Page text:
(Bloomberg) -- Congressional Democrats are taking another run at regulating so-called dark money in politics with a bill that would require groups that spend money to influence elections to disclose the source of their funds -- an issue the lawmakers plan to take beyond Capitol Hill and into the fall campaign.
Senator Sheldon Whitehouse of Rhode Island and all 48 of his Democratic colleagues introduced the measure Wednesday. A House version, sponsored by Representative David Cicilline, also of Rhode Island, garnered 147 supporters.
No Republican in either chamber backed the measure, and its chances for passage before the November midterm elections are slim. But the Democrats plan to use the bill as a progressive theme.
Since the 2010 U.S. Supreme Court ruling that allowed corporations to spend unlimited sums to influence elections, nonprofit groups that don’t disclose their donors have spent $746 million on federal races, according to the Center for Responsive Politics, a research organization.
Under the “Citizens United” ruling, known as almost any organization can spend unlimited amounts of money to support or oppose candidates for office, provided they don’t coordinate with a campaign. Federal contractors, national banks and foreign nationals are still barred from spending, though current disclosure rules can make it nearly impossible for regulatory bodies to find out who contributes to outside groups.
Following the Money
Whitehouse said in an interview that the legislation, called the Disclose Act, would end that. “Whether it’s a fossil fuel billionaire or whether it’s a Putin oligarch, American voters will know who’s supporting their candidates,” he added.
The measure would require all groups that spend $10,000 or more on elections to provide the names of their donors to the Federal Election Commission. That would include disclosure of the owners of limited liability corporations that contribute to politically active organizations.
Supporters of the bill say that Russian influence in the 2016 election could galvanize support for the measure, which has been introduced in every Congress since 2010.
“It shouldn’t take secret money from foreign nations to prod transparency,” said Lisa Gilbert, vice president of legislative affairs for Public Citizen, an advocacy organization that opposes corporate influence. “But now that we are in just that crisis, the bill deserves a hearing, attention and passage.”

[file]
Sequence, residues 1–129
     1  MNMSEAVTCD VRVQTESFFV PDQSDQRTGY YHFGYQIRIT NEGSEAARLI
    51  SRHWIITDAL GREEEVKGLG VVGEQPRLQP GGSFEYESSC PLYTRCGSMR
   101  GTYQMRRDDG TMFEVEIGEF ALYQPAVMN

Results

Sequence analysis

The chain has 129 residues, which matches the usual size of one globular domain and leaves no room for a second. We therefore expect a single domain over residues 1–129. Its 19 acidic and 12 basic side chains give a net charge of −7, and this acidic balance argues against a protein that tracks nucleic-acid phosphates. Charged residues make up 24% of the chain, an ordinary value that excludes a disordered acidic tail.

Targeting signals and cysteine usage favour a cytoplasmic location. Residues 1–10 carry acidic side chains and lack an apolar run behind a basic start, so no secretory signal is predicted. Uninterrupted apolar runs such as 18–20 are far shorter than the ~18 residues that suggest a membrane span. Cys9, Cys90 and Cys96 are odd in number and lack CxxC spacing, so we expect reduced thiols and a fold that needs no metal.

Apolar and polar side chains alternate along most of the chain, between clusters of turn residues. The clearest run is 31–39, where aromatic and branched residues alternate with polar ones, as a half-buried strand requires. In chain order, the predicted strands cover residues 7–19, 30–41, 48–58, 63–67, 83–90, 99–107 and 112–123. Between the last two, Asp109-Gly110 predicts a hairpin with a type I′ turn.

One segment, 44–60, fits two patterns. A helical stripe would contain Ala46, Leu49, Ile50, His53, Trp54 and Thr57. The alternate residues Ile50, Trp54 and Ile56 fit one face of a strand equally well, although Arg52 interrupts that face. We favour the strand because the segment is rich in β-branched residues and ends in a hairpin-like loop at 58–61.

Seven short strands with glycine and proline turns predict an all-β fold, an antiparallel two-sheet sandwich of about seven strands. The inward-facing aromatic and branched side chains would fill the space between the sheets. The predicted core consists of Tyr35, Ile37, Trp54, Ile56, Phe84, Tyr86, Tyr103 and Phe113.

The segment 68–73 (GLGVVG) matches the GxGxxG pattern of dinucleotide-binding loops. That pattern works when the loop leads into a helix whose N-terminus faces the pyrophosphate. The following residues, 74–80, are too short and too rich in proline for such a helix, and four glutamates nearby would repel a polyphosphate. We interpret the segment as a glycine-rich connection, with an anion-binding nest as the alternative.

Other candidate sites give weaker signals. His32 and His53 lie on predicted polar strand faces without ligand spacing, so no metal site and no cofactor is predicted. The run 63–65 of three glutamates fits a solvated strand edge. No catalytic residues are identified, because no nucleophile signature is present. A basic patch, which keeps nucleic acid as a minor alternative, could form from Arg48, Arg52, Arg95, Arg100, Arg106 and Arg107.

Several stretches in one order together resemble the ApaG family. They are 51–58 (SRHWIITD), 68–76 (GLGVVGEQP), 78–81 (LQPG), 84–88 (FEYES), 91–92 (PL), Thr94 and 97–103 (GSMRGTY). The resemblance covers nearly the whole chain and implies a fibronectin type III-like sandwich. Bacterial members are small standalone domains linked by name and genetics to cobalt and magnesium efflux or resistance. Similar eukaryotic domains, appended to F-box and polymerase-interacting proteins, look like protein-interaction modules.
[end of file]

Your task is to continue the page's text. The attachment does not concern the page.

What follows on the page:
Under one of the bill’s provisions, American subsidiaries of foreign corporations couldn’t contribute to super PACs and other organizations that spend on elections. The subsidiaries could, however, continue to have political action committees that are financed by donations of employees. As under current law, those PACs would have to be controlled by American citizens, not foreign owners or executives.
The legislation would also give the Securities and Exchange Commission the authority to require publicly traded companies to tell shareholders about their political spending. The Center for Political Accountability, which advocates for consumer transparency, said there are 109 members of the S&P 500 that voluntarily provide information about their donations to the type of nonprofit organizations, which are the biggest vehicle for spending undisclosed contributions in elections. Another 43 S&P members have barred contributions to such groups.
Politically active nonprofits that maintain separate accounts that aren’t used for politics could still keep donors to them anonymous.
The bill would extend “stand by your ad” provisions that require political candidates to state their names and that they approve their advertisements, to outside spenders as well. Leaders of super PACs and nonprofits, including trade associations like the U.S. Chamber of Commerce and nonprofit groups like the League of Conservation Voters would have to voice their approval the ads they place.
Senator Ron Wyden, an Oregon Democrat, who wrote that provision, said the bill would ”ensure all Americans know the real interests behind them.”
Whitehouse said identifying those interests was important: “People get the joke when they can see the motive of who’s behind the smear ad.”
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